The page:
Feb 6th, 2017, 11:38 AM

The Meaning of the Word "America"

By Verónica Ayala
Image credit: Shutterstock
Donald Trump wants to "Make America Great Again" — but does he realize that America is not just one country?

As a Latin American studying abroad, surrounded by U.S. students, I'm often struck by use of the word America. U.S. citizens often introduce themselves as "American". When I hear this, I wonder if it bothers Latin Americans, who are just as much "American" as they are. 

I have come to realize that many don't understand the historic and symbolic meaning of the word "America". In one of my French classes, when we were asked to introduce ourselves to one another, one of my classmates said "Je viens d'Amérique, et toi?" (I come from America, you?) I answered with a confident "Moi aussi" (me too). Everyone in the class looked at me so confused,  expecting me to say that I come from Ecuador. It took them a few seconds to realize that, in fact, I come from America too.

I have been wondering at what point the United States started being referred to as "America". And why so many associate America with a country — not with a continent. 

Conquest of America, the "New World"

America, as we learned in high school, was named after the Italian explorer, Amerigo Vespucci. He was a navigator who wrote about his voyages to America in 1499 and 1502. Vespucci, unlike Christopher Columbus, knew that he had landed on a new continent. When geographers started making new maps of the world, they included the "new world" based on Vespucci's writings. When Vespucci landed in South America, the first maps turned recorded only that part of the continent. Later, as explorations continued, they added North America. A geographer of that era, Gerard Mercator, decided to keep the name America for both north and south continents. 

Machu Picchu Image Credit: Wiki Commons

As I researched this history,, I realized that it's hard to pinpoint an exact moment when the image of what constitutes America today crystallized. John Adams, the second president of the United States, referred to his country as "America" in his first speech to the nation. From that moment, it seems, the rest of the world innocently started doing the same.

Where I grew up, in a small South American country, this monopolization of the word "America" doesn't seem so innocent. For me, it's the result of an imperialist nation that makes claim on greatness from a long trajectory of intruding in the business of other countries and, in the process, claimed the name of an entire continent as its own. 

Carnaval in Rio de Janeiro Image Credit: Wiki Commons 

Monroe Doctrine

In 1823 the United States adopted the Monroe Doctrine. President James Monroe declared that Europe could no longer try to control land in America (this time he referred to the entire continent). This happened while many Latin American countries had become, or were in the process of becoming, independent from Spanish rule. The United States, citing the Monroe Doctrine, would henceforth intervene if European nations interfered with any American country. Latin America was regarded as part of the United States sphere of influence.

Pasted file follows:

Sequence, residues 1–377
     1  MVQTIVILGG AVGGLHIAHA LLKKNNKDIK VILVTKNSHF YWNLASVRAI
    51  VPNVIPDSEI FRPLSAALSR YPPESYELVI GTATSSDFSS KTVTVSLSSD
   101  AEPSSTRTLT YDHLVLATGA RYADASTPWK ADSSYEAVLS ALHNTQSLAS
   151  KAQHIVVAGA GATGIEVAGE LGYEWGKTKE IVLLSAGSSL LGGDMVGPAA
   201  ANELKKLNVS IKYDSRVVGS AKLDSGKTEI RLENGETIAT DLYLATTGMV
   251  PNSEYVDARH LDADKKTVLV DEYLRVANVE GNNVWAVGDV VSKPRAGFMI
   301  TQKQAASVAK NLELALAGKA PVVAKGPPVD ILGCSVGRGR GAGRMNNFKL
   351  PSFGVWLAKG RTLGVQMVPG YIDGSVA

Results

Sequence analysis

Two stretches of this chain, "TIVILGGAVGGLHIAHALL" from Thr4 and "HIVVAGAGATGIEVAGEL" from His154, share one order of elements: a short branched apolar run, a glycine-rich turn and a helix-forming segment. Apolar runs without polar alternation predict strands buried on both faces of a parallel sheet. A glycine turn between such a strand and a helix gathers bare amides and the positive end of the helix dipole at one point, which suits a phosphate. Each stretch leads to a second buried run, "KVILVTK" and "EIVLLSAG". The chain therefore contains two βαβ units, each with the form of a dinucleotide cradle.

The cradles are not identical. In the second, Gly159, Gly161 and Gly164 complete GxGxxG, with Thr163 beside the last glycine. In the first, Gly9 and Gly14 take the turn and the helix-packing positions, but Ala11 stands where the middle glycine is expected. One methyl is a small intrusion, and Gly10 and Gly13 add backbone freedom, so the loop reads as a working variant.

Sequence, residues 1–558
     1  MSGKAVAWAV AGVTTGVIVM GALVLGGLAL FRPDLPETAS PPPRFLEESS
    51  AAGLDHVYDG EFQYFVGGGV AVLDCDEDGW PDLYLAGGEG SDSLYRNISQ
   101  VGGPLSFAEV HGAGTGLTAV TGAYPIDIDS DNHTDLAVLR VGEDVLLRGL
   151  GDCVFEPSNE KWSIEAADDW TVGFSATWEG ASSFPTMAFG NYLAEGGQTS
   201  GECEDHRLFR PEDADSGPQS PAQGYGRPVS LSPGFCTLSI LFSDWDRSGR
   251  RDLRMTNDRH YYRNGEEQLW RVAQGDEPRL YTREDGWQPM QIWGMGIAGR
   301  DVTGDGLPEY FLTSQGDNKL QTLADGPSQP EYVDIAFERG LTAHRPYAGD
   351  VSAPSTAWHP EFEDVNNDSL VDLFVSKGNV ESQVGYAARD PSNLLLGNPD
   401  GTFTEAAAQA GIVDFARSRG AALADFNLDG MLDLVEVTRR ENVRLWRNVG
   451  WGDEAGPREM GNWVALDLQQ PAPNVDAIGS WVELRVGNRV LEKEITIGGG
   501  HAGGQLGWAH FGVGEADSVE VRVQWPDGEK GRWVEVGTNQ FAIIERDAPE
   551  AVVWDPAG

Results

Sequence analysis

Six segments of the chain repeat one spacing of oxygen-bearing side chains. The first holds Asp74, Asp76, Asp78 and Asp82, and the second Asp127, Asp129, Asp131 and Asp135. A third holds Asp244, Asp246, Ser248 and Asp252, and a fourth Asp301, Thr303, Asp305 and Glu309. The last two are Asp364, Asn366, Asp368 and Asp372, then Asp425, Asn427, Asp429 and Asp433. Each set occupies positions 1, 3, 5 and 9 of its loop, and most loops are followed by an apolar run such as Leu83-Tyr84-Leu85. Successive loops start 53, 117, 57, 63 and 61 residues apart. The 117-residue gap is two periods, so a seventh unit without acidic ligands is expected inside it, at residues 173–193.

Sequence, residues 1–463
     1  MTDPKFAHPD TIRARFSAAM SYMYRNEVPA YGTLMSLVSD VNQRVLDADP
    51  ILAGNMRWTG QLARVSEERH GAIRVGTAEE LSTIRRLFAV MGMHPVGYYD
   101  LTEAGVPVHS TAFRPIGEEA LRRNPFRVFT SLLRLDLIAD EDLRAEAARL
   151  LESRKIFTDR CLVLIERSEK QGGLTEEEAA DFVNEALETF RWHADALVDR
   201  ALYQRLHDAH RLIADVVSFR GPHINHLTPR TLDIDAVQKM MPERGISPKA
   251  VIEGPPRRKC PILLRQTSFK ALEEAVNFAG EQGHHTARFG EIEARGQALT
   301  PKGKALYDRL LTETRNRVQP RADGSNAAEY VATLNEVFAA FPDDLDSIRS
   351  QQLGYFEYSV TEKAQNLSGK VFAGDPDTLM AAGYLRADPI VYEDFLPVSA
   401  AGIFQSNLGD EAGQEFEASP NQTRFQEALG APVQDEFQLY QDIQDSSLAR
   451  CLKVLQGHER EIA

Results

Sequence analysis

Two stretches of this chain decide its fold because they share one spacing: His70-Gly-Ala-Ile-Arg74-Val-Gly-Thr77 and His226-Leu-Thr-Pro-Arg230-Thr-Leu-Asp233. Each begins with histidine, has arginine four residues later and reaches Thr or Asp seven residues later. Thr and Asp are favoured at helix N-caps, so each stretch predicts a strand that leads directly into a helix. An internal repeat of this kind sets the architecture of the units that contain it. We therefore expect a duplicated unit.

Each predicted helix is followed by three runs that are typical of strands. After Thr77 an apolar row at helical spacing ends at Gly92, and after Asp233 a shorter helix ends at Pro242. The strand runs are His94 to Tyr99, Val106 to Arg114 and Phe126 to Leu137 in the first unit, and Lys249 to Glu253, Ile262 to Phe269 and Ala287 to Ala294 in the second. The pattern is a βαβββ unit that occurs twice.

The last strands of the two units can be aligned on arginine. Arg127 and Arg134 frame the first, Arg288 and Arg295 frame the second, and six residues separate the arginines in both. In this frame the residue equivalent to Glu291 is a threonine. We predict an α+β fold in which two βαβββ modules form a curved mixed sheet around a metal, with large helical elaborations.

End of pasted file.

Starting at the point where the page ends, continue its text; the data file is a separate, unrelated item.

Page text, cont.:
Thus, the United States intervened in the conflict between Venezuela and Great Britain. In 1898, the U.S. went to war with Spain to defend Cuba from colonial rule, but then established rules of their own and their restrictions and control lasted until Castro's revolution. The US started gaining power, conquering territories like Nuevo Mexico, California, Arizona and more. In the end, the U.S. had control over Cuba, Puerto Rico, and the Philippines. 

U.S. leaders spoke about unity for the entire continent and freedom from Europe's control. At that moment, South America fell under the control of a new conqueror, as it slowly — in the name of aid — took advantage of our resources and stripped us of our name. I sometimes wonder if they teach this history in the U.S. schools, or if we were are erased from their history books. 

La Habana Image Credit: Wiki Commons

U.S. citizens' opinion 

I remember one day in my high school English class when my teacher, a U.S. citizen, referred to the United States as "America". I raised my hand and said, "you mean United States". He answered with an irritated expression: "It's the same thing." This triggered a heated argument between my classmates and the teacher. He argued that the name has no impact, that it is only a name, finally saying that we should accept it because it won't change. Completely frustrated, I understood that he didn't care if America was the name of the continent too.  

I found an article written by a U.S. citizen titled "I'm from America, stop complaining, South America." My reply to that is, of course we will complain, why wouldn't we? We were robbed of our name and now  we've been forgotten after a series off historical events where the United States took advantage of our land and did it in name of a unified continent.

Now Donald Trump wants to build a wall, to keep us out. He wants to keep Americans outside of America while claiming that he will make "America great again". It sounds like a bad joke to me.

Dominican Republic Image Credit: Wiki Commons

Let's make America great again?

A beer brand, Corona replied to Trump's famous campaign slogan with a clever YouTube video copying the famous phrase but adding a question mark. The video quickly went viral. Every Latin-American I know was sharing it on Facebook.

We complain because a U.S. leader won the presidency using the name of an entire continent and inciting division. I just want the world to remember that America is, as  pointed out in the video below, a land from north to south, multicultural, with beautiful landscapes and friendly people. America is already great.   

Corona Add "America Great again" English Subtitles